I tried once and it wasn't really connecting…and then I tried again. And all of a sudden, that moment arose when you're hitting that nerve and you realize you're making something good. That twenty-minute recording clip was eventually cut down. Then we recorded it live again with Charlotte on drums, interacting together with it a little bit. The title track is an example of me taking full advantage of all that free studio time. We were there by ourselves at night, so I felt no restrictions in doing something which would otherwise be very stressful in a studio you pay a lot of money to record in.
‘What’d You Release’ is also new territory for you: the piano ballad.
That's actually Charlotte playing the piano on ‘What'd You Release?’. The thing is, we weren't even going to do that song. We were kind of messing around, laying down cables. And Charlotte was playing the melody in the same key as ‘What'd You Release?’. Then I told her, "It's just three chords played over and over again". So she started playing, and I started singing. And Ross was like, "Don't move, we gotta do that one!" We put up some mics recorded it with me on guitar, and we ended up just deleting the guitar because the piano and voice worked so well together.
'Still Waking Up’ sounds like Roy Orbison, that's kind of like a fickle love song, right?
I'm flattered by the Orbison comparison, he was definitely a touchstone. And yeah, it IS a love song. But it's also more complicated. There's attraction, a strong feeling, but there's something in the way that's keeping it from becoming a full connection. The narrator is realizing that the connection isn't going to develop into a deep love.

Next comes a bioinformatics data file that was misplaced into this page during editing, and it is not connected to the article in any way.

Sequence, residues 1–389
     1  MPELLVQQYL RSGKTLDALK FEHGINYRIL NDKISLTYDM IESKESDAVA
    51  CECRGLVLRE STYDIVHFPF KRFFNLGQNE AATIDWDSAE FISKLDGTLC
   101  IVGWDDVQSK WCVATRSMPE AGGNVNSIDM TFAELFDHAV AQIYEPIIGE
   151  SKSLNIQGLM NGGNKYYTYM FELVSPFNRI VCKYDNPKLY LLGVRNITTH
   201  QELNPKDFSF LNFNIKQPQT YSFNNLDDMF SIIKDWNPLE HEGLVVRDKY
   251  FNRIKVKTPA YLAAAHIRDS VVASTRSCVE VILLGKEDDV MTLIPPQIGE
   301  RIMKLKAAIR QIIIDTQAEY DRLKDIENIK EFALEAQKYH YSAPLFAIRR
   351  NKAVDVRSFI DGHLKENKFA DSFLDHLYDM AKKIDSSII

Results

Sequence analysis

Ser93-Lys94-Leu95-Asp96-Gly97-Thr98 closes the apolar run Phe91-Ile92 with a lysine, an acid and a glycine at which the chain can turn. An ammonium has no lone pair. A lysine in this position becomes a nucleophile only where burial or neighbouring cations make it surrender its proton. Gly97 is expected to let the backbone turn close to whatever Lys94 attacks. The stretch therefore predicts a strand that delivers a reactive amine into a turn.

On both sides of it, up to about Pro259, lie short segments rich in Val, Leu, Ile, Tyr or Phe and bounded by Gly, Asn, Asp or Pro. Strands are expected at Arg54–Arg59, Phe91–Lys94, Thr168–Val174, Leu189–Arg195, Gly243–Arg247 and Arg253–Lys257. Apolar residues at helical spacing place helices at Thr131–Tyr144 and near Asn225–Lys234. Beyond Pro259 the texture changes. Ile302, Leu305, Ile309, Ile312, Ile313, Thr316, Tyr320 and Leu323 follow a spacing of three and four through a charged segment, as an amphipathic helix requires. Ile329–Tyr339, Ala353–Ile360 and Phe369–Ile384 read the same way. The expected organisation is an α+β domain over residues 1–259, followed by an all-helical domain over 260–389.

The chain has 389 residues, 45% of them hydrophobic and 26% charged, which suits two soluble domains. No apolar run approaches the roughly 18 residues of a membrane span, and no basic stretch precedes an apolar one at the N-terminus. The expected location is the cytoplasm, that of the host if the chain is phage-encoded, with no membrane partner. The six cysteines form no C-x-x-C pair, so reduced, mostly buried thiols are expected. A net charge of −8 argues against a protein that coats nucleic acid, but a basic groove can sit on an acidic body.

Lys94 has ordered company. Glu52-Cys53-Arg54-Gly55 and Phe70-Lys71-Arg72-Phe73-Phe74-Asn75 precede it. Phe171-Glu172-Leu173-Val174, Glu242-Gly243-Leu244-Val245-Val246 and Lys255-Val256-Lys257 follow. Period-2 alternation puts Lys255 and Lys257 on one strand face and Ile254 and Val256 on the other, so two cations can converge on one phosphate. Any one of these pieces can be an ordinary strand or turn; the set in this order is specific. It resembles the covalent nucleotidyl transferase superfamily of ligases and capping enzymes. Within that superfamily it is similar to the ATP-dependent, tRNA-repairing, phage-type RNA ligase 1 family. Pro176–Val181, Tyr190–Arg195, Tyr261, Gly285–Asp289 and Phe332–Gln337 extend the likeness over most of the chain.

About instrumental tracks like 'First Final Days' and 'Beyond Me', why was it important to go beyond just lyrics.?
I listen to a lot of ambient music. Especially in like the first year of touring with Ought, I'd pretty much exclusively listen to ambient music and folk music. And I think there's like a meditativeness to music without vocals. Especially as a vocalist myself, those instrumental parts are important, because they provide like a particular release that's hard to achieve with just the voice. I find with the voice, there's an element of catharsis, and with music, I can achieve a release. The catharsis of letting something out of your mouth, and the release of forgetting you have a body.
Saturday Night is out via Jagjaguwar on February 17. For more information about Tim Darcy, visit his official website.
Photo credit: Shawn Brackbill